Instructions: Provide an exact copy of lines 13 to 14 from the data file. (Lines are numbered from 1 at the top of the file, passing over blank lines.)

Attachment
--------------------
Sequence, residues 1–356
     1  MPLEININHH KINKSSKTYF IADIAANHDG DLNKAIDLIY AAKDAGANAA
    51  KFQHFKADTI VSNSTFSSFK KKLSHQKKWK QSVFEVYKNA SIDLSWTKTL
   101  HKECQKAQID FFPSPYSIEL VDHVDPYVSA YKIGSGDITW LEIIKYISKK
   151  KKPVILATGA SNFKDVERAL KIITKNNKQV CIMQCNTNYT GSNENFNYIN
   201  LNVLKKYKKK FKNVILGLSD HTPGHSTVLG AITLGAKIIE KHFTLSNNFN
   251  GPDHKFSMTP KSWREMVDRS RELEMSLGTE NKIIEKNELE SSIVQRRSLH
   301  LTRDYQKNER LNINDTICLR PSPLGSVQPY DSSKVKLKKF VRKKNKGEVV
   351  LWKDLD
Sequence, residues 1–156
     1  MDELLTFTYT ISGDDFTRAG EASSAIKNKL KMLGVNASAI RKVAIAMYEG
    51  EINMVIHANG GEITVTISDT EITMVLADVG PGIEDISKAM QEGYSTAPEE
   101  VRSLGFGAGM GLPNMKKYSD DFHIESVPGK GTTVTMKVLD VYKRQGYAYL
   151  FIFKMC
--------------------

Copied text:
   101  VRSLGFGAGM GLPNMKKYSD DFHIESVPGK GTTVTMKVLD VYKRQGYAYL
   151  FIFKMC